In some places, students were tracked based on geography, race or income, assigning them to low-ability groups where they were offered only a watered-down curriculum and little or no opportunity to progress to classes with higher standards and a more challenging curriculum. In some systems, ability grouping began at an early age and whole schools were tracked.

California had no statewide standards in English and mathematics until December 1997. Until that time, each of the states 1,052 school districts was left to develop its own standards and, until 1999, adoption of state standards was voluntary, meaning districts could have chosen to develop and use their own standards. While, in theory, local standards must be as rigorous as the states, the reality often may be quite different.

Students were left out:

According to the Citizen Commission on Civil Rights report and the Department of Educations own monitoring reports of states accountability systems (in January 2001, prior to NCLB):

Texas failed to include half of its students with disabilities in its state accountability system. They just simply werent counted or included.

Nevada excluded 58 percent, and North Carolina and Wisconsin excluded at least 40 percent of their English language learners.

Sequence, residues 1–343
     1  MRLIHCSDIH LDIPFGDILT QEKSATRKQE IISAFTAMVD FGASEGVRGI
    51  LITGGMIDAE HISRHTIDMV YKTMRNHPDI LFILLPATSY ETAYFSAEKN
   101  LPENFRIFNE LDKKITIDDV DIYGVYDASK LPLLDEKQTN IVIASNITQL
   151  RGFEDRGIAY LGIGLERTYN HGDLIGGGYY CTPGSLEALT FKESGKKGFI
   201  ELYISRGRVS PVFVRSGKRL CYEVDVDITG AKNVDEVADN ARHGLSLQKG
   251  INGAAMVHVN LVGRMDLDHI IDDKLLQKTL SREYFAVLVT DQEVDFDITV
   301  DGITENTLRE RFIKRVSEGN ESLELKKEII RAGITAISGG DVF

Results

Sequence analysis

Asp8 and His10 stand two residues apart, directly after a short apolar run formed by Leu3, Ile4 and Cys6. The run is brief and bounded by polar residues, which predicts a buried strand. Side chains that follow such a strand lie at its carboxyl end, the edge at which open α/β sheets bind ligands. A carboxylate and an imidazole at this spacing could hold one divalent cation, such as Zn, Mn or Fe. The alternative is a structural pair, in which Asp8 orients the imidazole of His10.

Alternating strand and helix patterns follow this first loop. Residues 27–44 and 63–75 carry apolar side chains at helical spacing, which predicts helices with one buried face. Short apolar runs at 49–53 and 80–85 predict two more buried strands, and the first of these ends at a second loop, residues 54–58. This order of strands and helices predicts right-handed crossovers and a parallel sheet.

California excluded over 900,000 students who were disabled, ELL, or attending charter or small schools.

At least 30 states failed to fully disaggregate their reporting, instead they often reported an average score, which masked many achievement gaps.

Kids were literally dropping out by the millions:

In 1993, over 4 million students dropped out of school. In fact, 1 out of 3 Hispanic students dropped out.

Has it Helped?

Have higher statewide standards, standardized testing and accountability helped?

Graduation rates are at an all-time high and dropout rates are at an all-time low. Data released in fall 2014 showed that just 7 percent of the nations 18 to 24-year-olds had dropped out of high school. Hispanics students dropout rate reached a record low of 14 percent in 2013.

In 2001, 48 percent of students with disabilities graduated with a standard high-school diploma. By 2012, the percentage of students with disabilities graduating with a standard high school diploma increased to almost 64 percent.

Since 1999, students have made gains in reading and math according to NAEP data. Americas 9-year-olds gained on average 9 points in reading and 12 points in math, a significant improvement from the gains seen in the decades prior. Furthermore as Third Way reports, African-American 9-year-olds made twice as much improvement in reading than their white counterparts, the gap between white and Hispanic 9-year-olds in math narrowed by 8 points, and more students with disabilities scored in the proficient or higher level in both math and reading than in decades leading up to NCLB.